Going plant-based and ending food-waste are not going to fix the broken food system, but procurement practices of global food companies are showing a trend that is part of the solution - regenerative agriculture.
Considering how much we know about the impact of our food system it is almost a platitude stating that fixing the broken food system is crucial to solving the climate crisis. The sad fact remains that even with this knowledge, food production remains a huge emitter. According to the Climate Reality Project, together with forestry and other land use, agriculture is responsible for just under 25 percent of all human-created GHG emissions. We are continuously speaking to some of the biggest players in the food industry and an interesting trend is emerging in their procurement practices that can help mitigate this problem. It is called regenerative agriculture - we’ll get back to that later. First let's understand the problem a bit more and find out why the solution most people lean towards today, like going plant-based and ending food waste are not going to cut it.
Current solutions: As great as they are, the fact remains they are insufficient
People have taken it upon themselves to eat less meat and dairy or even switch to a completely plant-based diet. Meat-free Mondays have been adopted in corporate, institutional and governmental canteens around the world. Great companies like Too Good To Go are fighting food waste, while major food producers like Impossible Foods and Beyond Meat are developing protein alternatives to conventional meat.
But even if the whole world switched to a plant-based diet and food waste was reduced to nothing, conventional farming and the food system in general is still associated with a huge strain on our ecosystems, biodiversity and enormous emissions. It is clear that switching diets simply won't cut it and that we that our food system needs an overhaul.
The biggest players are in pursuit of a solution
On our mission of making every purchase in the world responsible, we are continuously speaking with the biggest companies to map and detangle the most complex value chains in the world, and it is clear that the biggest corporations are aware of the detrimental impact of conventional farming. Many of the biggest food conglomerates in the world are increasingly focusing on agricultural practices in their procurement programs.
Mitigation of the risks involved in purchasing ingredients like cocoa and palm oil has long been a pillar of procurement practices of the big FMCG companies like Nestlé and Unilever. At the moment, we see a trend moving beyond the mitigation of risk, to where companies are using their purchasing power to make a positive impact. One of the very promising developments is the focus on regenerative agriculture. Companies like Danone and General Mills both have regenerative farming programs as a cornerstone of the sustainability efforts. But what are the benefits of regenerative agriculture? And how does it work?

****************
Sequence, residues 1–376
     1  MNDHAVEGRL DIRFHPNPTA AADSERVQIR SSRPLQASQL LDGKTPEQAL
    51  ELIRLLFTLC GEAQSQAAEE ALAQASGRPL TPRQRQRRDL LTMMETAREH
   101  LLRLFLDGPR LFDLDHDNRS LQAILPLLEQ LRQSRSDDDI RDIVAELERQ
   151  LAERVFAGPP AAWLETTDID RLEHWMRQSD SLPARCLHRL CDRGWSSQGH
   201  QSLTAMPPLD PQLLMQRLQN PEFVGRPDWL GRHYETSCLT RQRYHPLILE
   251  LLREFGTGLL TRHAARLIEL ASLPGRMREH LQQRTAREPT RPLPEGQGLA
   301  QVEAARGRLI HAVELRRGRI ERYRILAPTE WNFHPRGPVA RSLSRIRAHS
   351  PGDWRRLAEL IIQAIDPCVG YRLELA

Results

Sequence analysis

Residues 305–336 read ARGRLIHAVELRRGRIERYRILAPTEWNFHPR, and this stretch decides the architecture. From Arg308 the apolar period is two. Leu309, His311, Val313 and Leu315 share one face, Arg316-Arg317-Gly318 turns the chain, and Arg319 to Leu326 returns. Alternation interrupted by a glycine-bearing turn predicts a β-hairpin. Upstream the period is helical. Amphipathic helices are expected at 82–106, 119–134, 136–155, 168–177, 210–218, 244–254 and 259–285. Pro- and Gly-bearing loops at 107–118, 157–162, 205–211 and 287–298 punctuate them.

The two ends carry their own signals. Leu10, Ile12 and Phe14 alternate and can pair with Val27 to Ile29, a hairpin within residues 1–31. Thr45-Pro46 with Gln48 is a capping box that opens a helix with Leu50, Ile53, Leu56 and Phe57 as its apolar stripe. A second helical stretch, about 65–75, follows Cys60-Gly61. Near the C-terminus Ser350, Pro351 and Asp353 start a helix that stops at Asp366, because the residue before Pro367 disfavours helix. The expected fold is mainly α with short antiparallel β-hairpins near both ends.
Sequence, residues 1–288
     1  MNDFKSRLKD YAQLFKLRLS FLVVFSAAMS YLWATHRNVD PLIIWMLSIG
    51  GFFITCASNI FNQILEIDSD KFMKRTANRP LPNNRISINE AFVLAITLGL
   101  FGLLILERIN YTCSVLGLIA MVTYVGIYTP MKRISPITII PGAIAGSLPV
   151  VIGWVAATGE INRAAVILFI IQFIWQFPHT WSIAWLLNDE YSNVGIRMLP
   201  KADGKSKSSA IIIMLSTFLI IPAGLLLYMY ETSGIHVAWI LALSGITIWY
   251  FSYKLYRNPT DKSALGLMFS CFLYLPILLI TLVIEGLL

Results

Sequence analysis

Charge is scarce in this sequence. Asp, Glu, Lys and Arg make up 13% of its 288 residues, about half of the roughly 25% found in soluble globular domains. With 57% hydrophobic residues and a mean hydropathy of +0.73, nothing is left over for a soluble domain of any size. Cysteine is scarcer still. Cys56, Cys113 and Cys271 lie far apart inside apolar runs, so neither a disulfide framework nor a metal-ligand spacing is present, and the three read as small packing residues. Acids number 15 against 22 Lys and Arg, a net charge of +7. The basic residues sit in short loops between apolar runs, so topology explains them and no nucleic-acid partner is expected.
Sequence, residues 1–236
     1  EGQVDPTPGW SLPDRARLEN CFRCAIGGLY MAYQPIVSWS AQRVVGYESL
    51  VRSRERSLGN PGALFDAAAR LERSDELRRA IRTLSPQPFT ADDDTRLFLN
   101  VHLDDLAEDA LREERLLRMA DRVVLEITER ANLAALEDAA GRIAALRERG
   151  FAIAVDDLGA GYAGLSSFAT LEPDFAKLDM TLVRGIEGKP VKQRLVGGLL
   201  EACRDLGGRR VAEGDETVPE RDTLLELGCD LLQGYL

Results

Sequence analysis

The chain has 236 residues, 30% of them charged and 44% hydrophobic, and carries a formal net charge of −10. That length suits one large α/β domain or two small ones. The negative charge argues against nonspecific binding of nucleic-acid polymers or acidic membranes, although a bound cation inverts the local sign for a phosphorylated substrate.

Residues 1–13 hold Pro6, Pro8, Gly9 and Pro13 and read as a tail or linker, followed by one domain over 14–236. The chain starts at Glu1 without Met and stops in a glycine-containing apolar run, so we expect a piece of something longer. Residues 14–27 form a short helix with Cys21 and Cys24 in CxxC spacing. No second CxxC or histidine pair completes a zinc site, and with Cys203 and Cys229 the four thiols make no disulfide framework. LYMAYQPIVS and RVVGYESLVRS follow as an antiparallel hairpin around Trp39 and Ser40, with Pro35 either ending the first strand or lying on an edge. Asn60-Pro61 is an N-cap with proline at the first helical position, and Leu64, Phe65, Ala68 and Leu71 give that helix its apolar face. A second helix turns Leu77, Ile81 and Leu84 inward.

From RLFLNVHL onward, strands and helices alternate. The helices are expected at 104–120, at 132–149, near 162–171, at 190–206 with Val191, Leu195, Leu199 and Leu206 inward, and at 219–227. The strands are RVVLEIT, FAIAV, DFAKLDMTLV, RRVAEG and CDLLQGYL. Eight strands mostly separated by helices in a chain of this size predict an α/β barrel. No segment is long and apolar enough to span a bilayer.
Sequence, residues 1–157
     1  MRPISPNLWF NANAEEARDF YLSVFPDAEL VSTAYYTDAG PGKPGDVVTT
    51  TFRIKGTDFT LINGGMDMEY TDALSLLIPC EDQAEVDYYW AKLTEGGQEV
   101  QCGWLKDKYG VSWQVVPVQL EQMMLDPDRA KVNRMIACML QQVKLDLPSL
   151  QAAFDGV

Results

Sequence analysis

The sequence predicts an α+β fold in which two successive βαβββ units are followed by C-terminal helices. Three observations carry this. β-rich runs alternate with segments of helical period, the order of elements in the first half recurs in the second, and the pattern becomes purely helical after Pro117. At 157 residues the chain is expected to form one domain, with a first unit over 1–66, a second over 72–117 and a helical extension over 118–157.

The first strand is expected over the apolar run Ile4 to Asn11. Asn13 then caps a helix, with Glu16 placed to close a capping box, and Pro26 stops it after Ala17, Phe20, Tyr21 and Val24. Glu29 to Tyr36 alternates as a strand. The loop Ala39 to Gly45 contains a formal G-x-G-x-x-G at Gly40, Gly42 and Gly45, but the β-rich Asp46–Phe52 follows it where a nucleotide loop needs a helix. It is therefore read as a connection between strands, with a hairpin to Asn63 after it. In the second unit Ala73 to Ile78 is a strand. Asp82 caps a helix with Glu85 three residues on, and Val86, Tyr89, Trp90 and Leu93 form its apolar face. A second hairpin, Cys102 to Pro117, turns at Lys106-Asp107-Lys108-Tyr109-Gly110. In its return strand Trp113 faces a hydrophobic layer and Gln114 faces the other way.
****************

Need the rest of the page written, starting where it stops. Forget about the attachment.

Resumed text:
Benefits of regenerative agriculture
- Increase soil biodiversity and soil health - more resilient soils that can better withstand climate impacts like floodings and droughts.
- Healthy soil also impacts the crop. A healthy soil creates better yield and more nutrient-dense produce.
- Diminishes erosion and run-off improving water quality both on and off the farm.
- Perhaps most importantly, regenerative practices pull CO2 from the atmosphere and sequester it in the ground helping the fight against the climate crisis.
How regenerative farming works
Regenerative farming relies on crop rotation and leaving the ground as undisturbed as possible. It uses a growing cycle, where cash crops are alternated with cover crops, like alfalfa and peas. Roots are left in the ground as cover and crops are cut as opposed to uprooted or consumed by grazing animals, who add natural fertilizers. The vegetation suppresses weed growth and as it turns to mulch, allowing the soil to retain nutrients usually depleted by traditional farming. The result is a great way to grow food with less energy, less water, and no chemical fertilizers. And more importantly, it keeps carbon dioxide locked up in the soil and out of an already warming atmosphere.
Regenerative farming can hoover up the emissions from the food system that a change in diets won’t fix. It can create healthier produce and increase yields - and some of the biggest players in the food industry are focusing on the solution. It’s a win for the climate, a win for consumers and a win for producers - what’s not to like?
Emil K. Braunschweig